10-13-2019, 03:36 AM
My thanks to everyone who pitched in on this. All grist for the mill.

I completed the scene earlier today - more or less - and while it is not brilliant, I think it will serve well enough for a first draft. I shall refine in the revision phase.

10-13-2019, 11:57 AM
What jumps to mind for me is the emotion. Does your character enjoy watching people try to kill each other? Most people don't. Especially people who aren't used to violence. Unless there's a reason why your characters are desensitised to this kind of violence (they might be if they live in the kind of society that considers this sort of thing normal, e.g. ancient Rome and its circuses, but even then I'd question whether most people weren't traumatised at some level - and desensitisation can be a symptom of PTSD), people find it highly traumatic to watch. It's not the same as watching a boxing match or MMA fight. So would she actually watch the fight or would she close her eyes in horror and not want to see any of it?

Another thing that comes to mind is that two people trying to whack each other over the head with blunt objects aren't going to be fighting for very long. A swings at B's head, fractures B's skull and B drops to the floor unconscious or semi-conscious in loads of pain and unable to do anything. Unless your society has a high level of medical technology, B's likely to die.

There's a chance that neither of them will survive. For example: A gets a good hit on B. (back of the head or forehead where the skull's harder to break) B has a concussion but is not unconscious so he keeps fighting. A whacks him in the head again, this time causing a brain bleed.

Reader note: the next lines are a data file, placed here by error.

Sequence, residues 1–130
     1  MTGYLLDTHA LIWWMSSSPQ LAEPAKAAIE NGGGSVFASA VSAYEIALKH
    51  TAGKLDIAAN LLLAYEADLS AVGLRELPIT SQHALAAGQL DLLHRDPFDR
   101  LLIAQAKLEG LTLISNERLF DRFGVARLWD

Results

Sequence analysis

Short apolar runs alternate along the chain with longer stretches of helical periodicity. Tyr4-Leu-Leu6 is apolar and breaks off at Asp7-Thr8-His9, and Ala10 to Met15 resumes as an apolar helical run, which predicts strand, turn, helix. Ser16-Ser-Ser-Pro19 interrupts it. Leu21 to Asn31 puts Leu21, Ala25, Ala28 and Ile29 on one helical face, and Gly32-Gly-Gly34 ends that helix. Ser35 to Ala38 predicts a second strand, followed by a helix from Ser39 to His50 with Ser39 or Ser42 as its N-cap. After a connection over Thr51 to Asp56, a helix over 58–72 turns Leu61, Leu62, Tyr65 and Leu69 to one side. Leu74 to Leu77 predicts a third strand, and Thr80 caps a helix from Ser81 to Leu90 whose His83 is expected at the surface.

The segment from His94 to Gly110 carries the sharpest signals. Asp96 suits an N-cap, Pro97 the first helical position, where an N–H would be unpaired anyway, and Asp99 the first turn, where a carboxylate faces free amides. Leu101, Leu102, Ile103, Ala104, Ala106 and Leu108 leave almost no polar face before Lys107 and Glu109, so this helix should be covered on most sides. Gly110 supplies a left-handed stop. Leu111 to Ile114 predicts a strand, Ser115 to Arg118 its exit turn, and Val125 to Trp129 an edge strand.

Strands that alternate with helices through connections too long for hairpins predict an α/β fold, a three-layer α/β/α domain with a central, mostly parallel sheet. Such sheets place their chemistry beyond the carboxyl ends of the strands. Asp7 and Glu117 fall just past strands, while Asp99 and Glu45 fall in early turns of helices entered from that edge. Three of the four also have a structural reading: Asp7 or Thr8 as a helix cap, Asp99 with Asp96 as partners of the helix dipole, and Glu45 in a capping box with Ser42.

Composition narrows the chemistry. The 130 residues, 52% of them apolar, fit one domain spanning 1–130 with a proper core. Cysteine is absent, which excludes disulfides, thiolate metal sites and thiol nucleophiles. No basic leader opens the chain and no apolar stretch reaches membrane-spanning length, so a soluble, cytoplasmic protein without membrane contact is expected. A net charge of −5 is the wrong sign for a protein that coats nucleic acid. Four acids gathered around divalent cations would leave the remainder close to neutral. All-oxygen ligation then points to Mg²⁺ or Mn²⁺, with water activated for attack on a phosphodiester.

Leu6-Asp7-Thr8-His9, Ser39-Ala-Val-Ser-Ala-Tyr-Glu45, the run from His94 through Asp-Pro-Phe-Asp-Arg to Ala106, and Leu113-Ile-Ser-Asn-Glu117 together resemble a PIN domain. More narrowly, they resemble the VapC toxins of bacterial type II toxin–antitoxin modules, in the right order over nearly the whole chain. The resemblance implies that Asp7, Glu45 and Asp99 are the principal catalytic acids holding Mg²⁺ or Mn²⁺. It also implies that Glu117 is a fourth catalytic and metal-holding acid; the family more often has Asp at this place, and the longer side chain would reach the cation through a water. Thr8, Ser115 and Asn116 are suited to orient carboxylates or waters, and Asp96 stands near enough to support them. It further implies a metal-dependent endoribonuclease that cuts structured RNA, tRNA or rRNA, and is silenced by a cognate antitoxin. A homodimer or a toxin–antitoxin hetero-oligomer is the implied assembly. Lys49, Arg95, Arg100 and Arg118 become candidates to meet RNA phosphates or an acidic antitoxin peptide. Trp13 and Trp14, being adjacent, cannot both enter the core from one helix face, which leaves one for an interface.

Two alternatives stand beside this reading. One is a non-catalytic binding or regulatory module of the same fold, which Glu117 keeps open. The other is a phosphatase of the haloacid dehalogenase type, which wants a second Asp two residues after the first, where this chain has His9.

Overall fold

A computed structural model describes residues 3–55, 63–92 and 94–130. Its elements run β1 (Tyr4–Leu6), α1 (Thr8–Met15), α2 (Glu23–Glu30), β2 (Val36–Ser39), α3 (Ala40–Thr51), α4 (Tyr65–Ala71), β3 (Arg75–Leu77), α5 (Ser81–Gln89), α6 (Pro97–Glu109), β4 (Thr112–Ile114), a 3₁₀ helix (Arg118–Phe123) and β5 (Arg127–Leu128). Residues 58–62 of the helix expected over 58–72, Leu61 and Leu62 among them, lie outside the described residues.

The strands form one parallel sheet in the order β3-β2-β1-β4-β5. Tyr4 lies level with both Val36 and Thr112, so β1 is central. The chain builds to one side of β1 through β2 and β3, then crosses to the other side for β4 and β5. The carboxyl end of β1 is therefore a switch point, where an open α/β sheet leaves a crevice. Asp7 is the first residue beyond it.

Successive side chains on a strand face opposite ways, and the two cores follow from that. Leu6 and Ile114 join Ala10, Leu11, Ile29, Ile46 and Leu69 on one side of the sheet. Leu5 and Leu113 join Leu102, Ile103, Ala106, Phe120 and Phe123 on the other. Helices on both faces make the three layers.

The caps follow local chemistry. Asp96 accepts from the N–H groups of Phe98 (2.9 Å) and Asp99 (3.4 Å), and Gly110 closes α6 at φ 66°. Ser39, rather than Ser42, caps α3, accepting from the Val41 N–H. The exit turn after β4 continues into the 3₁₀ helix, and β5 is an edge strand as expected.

(note: he could've got a brain bleed from the first blow, however brain bleeding is more likely from subsequent blows to the head than the first. So even if the first blow doesn't do that much damage it increase the risk of later blows being fatal)

B is still not unconscious - the brain bleed is slow and hasn't yet caused any problems - and swings at A with everything he's got and lands a blow on the side of A's head, smashing A's skull in a region where the skull is thin and there are major blood vessels. A has a massive and severe brain bleed and falls unconscious immediately. Everyone hails B as the winner while A is dragged out of the arena unconscious. A dies within a few minutes. Meanwhile B is feeling quite ill but doesn't tell anyone because hey, he got a blow to the head and it's normal to be a bit dazed and anyway he's not thinking all that straight because of the concussion. Unless your society's got an advanced level of medical technology there's nothing they can do about it anyway even if he did tell them. But inside B's head the blood from the bleed is slowly building up and increasing the pressure inside his head. Within the next hour he collapses unconscious, never to be revived, and dies. If he drinks alcohol as part of the celebrations then that would speed up the brain bleeding and death.

Note that the long handle on the cudgel would give the person swinging it a mechanical advantage, i.e. making it a lot easier to fracture the opponents' skull.

In any case, the fight is likely to be over after very quickly. First one to get a decent hit on the other's skull will win (and the loser will have a high chance of dying without medical intervention) and the fight shouldn't be too hard to describe. If you want it to be longer then they'd need to spend a lot of time circling each other or swinging at the other's head and missing. Or blows to the body.

Unless you're going for a slapstick or Tom and Jerry vibe where characters can survive fatal violence because fatal violence is funny as long as no-one gets hurt.